"What is also of importance is, to ingratiate ourselves with those different Indian nations that are on bad terms with the English, because, by fomenting hostilities on  p260 the part of those Indians, we shall keep the northern establishments of the English in a state of alarm, and by this means oblige them to retain there all their forces, because, should they dare to do otherwise, the Indians I have spoken of, being on their shoulders, would immediately devastate their territories by their irruptions."

On the 24th, Don Miguel de Muzquiz delivered his written opinion in these terms:

"I find inconvenience in leaving Louisiana to the French, but still greater ones, and more certain, in its being retained by Spain.

"From the moment that the French made their first settlements in that country, they have been to the present time imagining more than one project to approach the provinces of Texas and New Mexico, and they have not been able to execute their plans, not only on account of the distances to be overcome, but also because they never could gain the good will of the Indians, and because they had to watch the proceedings of their English neighbors. These same obstacles still subsist for the French and preserve us from the threatened danger of their penetrating into Texas and New Mexico.

"The French have long been in possession of that province, where they are accustomed to enjoy a freedom, as to their persons and as to their commerce, which our laws do not admit of; but they are obliged to suffer and tolerate the excesses which are committed by the Indians, and as these savages prefer a state of war to any other, and as they are armed, they can make sudden and fatal attacks.

"The navigation of the Mississippi is common both to the French and to the English, and, although their  p261 respective territorial limits are determined, it will be impossible for them to avoid having disputes arising from competition, if there be any commerce carried on, and it is better that the encountering of these difficulties should fall on the French rather than on the Spaniards. The French can easily provide for the preservation of Louisiana and keep the English in check with little expense.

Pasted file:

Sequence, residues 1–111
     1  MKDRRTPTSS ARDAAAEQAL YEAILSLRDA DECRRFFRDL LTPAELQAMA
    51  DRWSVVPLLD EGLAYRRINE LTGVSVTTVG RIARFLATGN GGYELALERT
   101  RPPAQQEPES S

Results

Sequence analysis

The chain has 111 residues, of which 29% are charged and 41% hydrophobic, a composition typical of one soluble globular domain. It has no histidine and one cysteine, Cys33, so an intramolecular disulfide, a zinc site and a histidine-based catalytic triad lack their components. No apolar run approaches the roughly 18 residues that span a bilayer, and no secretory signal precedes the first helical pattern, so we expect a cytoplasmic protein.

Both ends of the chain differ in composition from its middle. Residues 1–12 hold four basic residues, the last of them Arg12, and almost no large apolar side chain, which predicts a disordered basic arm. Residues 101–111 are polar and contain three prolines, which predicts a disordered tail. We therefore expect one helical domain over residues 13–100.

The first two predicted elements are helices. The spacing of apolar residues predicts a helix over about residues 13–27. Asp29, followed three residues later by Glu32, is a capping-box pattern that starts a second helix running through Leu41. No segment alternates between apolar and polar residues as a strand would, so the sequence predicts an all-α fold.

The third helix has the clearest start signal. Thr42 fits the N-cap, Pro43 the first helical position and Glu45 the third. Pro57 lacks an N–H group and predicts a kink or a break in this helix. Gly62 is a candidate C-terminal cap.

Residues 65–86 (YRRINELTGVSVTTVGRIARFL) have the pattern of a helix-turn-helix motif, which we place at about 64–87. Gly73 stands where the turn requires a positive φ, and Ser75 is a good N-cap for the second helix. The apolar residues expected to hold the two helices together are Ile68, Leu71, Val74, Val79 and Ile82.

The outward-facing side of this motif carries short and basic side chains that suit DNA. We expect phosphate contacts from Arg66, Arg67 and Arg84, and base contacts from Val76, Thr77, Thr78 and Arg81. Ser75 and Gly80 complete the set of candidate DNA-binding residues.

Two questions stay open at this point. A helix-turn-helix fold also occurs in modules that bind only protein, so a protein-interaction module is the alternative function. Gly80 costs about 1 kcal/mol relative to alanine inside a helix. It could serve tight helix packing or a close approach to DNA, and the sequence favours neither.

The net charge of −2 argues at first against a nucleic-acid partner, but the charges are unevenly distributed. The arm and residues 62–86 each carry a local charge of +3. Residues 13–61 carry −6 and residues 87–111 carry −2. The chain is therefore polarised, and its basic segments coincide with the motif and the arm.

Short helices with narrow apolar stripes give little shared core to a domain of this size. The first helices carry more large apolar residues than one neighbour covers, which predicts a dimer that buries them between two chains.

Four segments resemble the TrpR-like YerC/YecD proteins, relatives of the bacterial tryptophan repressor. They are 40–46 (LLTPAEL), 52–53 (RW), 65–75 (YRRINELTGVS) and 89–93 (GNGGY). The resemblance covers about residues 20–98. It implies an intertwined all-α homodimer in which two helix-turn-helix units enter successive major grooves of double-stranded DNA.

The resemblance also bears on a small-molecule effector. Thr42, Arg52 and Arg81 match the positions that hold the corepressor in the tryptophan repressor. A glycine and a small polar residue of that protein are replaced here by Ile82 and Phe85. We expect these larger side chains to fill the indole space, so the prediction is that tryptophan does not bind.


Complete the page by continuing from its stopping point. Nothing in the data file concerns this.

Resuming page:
"The Spaniards would have many disagreements6 with the French inhabitants of Louisiana and with the Indians, because they would lack the necessary patience to manage these people, and although their submission might be secured by the strong arm of force, yet I do not conceive that the object to be attained is worth the cost.

"It is true that the French will have ingress into the Gulf of Mexico, under the pretext of going to Louisiana, and will be able to carry on a contraband trade, but besides that it is impossible to prevent this evil, even were Louisiana ours, it does not seem to me that the injuries which we wish to escape from would be equal to the expenses that the possession of that colony would entail upon us.

"Should we retain Louisiana, we should incur a perpetual and annual expenditure of three hundred thousand dollars, put ourselves under the necessity of increasing the number of our officers, have incessant causes of difficulties with the English, and have to encounter numerous obstacles in the administration of that possession.

"In time of war, we should have to reinforce that  p262 province, and the means employed to accomplish this aim would be so much lacking for the preservation and defence of more essential points: so that, weakened as we are at present by the necessity of providing for so many scattered posts in America, we should increase our weakness by putting ourselves to the charge of maintaining and defending Louisiana, whilst, leaving her to the French, it is probable that they would protect her against the English better than we can do.

"For these reasons and others to be deduced from them, my opinion is, that it is proper for the crown to abandon Louisiana to the French. It remains to be examined, whether the King can do so without any forfeit of honor. Ulloa took possession of the government of the colony, only ad interim, so that said act may be considered as merely preparatory to the solemn formality of a final taking of possession by the officers and troops he was waiting for; and thus, according to my judgment, the offence is common to the two crowns, and should Louisiana remain in the hands of France, it would become her sense of self-dignity not to suffer to go unpunished those who have disobeyed the orders of her king."

On the 31st (March), Don Juan Gregorio Muniain closed the consultation with the following concise opinion:

"The situation of the colony of New Orleans which, with its limits, extends itself all along the right bank of the Mississippi as far as the unknown mountains, many leagues beyond its meeting with the Missouri, secures the following advantages:

"1o.— It establishes between New Mexico and the territories ceded to England invariable limits, such as the course of a river which preserves its name from its source to its mouth in the Gulf of Mexico.

"2o.— By giving to that colony the same uniform system  p263 of government which has been imposed on all our American provinces, and by keeping in active service at the port of New Orleans a small and light frigate, we shall repress the commercial frauds which are meditated against us from Florida, and put a stop to the contraband trade.

"3o.— By encouraging the cultivation of wheat, and other grains and plants, we shall promote a trade in flour and vegetables, of extreme utility to Havana, Puerto-Rico and the other Islands.

"4o.— It seems to me that the expenses attending the preservation and administration of that colony, cannot be greater than those to which we were put in Florida, by the possession of St. Augustin, Pensacola and Apalache, and those which we incur, at present, in maintaining our Presidios in New-Mexico, some of which, if not all, could be suppressed with advantage.